Even though early fall frosts and freezes have caused your garden to enter a state of slumber, you can still enjoy color and texture from certain annuals or tender, nonhardy perennials well into winter in your garden. Now I know what you’re thinking: How can something that only lives for one year and died weeks if not months ago provide color and interest? Well, you are in luck, as there are a few annuals that do just that.
Strawflower (Xerochrysum bracteatum, Zones 8–10) has long been used as a cut flower and for drying, making it a great option to extend color well into the winter months. Coming in a wide array of colors ranging from red, pink, yellow, white, orange, purple, and many shades in between, there is sure to be a variety just right to add to your collection. Their sturdy stems keep the plants upright through wind and snow, with heights that range from 12 inches tall with the Bikini series all the way up to 36 inches or more with the Monster series. Easily grown from seed and super affordable, they are a great way to extend those summertime colors into the brown-and-white months of winter.
Giant swan milkweed (Gomphocarpus physocarpus, Zones 8–10) is a perfect plant for those who crave lime green fuzzy balls in their summer arrangements. When left on past fall, these balls produce interesting additions to the winter garden. Reaching a height of 4 to 6 inches, these graceful plants add a bit of whimsy to the garden throughout the year with beautiful flowers and eye-catching green seedpods that turn brown for winter. This is a truly unique plant that gets bonus points for being a member of the milkweed family, making it a host plant for monarchs!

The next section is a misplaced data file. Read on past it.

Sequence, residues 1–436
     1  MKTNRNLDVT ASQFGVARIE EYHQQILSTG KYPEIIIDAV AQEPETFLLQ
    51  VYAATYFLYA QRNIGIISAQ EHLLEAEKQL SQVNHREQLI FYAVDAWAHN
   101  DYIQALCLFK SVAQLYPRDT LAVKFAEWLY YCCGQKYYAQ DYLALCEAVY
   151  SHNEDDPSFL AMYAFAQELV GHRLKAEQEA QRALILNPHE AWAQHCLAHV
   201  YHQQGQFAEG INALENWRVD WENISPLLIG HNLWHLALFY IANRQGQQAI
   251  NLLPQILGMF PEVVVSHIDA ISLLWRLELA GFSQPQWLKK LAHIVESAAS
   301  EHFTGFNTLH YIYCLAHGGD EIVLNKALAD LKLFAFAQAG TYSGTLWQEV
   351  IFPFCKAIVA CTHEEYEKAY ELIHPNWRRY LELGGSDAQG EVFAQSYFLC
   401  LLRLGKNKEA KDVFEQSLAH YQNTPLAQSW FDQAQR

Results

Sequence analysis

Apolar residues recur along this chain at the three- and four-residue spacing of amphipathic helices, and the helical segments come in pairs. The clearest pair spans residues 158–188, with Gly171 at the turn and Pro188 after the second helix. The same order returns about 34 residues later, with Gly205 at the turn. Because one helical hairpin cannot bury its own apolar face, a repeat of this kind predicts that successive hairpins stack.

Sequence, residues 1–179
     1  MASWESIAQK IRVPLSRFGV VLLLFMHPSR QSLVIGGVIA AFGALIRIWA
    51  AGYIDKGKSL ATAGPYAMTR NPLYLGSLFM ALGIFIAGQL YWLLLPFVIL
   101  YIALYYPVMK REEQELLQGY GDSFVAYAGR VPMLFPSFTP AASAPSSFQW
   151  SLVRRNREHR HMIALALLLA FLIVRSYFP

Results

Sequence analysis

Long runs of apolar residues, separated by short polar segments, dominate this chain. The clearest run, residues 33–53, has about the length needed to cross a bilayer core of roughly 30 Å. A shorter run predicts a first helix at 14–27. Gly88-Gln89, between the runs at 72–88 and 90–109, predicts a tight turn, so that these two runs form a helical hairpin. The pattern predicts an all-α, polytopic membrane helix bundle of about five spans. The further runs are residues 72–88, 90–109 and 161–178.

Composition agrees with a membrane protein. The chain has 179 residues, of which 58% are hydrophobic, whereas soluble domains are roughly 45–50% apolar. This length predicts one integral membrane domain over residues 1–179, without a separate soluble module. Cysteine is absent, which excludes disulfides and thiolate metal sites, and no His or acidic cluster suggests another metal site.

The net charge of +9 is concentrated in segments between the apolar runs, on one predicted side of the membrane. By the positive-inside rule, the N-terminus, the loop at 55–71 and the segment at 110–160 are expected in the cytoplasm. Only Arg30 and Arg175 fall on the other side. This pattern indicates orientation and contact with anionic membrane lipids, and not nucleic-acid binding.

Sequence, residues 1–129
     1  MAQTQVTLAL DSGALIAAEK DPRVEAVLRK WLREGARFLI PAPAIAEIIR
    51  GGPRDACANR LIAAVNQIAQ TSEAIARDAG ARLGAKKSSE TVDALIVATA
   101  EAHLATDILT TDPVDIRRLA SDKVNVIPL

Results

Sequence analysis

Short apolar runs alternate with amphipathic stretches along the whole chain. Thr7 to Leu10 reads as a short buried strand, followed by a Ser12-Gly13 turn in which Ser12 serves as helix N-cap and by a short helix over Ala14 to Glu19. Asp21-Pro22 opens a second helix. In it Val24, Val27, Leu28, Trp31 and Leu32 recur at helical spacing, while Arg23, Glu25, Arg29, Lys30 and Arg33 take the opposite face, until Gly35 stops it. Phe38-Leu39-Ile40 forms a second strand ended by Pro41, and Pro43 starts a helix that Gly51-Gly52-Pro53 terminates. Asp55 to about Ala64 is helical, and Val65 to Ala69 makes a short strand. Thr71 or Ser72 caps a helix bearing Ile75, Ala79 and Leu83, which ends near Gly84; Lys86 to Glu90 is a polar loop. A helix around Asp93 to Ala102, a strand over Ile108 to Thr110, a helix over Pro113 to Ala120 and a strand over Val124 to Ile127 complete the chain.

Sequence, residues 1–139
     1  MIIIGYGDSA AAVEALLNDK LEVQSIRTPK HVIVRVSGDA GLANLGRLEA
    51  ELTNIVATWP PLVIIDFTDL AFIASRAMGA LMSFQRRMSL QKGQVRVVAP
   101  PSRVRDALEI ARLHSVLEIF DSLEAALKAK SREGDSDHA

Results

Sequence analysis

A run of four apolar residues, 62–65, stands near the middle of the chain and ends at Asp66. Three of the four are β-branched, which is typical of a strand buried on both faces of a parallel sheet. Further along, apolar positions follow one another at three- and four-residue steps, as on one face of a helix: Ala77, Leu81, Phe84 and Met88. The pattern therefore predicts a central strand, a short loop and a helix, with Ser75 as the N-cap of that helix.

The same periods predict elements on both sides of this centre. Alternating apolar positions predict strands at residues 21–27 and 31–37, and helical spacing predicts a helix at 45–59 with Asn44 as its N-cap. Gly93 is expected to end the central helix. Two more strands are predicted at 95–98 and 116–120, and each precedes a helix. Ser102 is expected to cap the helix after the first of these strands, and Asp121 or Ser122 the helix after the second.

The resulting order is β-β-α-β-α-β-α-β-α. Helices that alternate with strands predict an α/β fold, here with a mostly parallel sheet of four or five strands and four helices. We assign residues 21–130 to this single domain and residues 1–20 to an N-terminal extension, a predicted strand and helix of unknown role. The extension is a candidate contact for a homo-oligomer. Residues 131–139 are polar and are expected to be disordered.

Castor bean (Ricinus communis, Zones 9–11) is a tropical plant commonly grown from seed each year. It is capable of reaching 10 feet tall in a single season and producing a very sturdy structure you can just about decorate with string lights. Aside from the huge leaves that come in shades of red and green, the plants produce attractive seed heads that persist into the winter and are especially eye-catching after a heavy frost. It is important to note that all parts of the plant are poisonous if ingested, most notably their seeds, and seeds should be used wisely in the landscape to avoid potential ingestion by children or pets.
Before you remove all your annuals this year, think about which ones might add a little color and interest to the winter garden if left standing instead. Or consider adding the above plants to your growing list next year to bring something different to your winter landscape.
—Chris Schlenker is horticulture and grounds manager of McCrory Gardens at South Dakota State University in Brookings, South Dakota.
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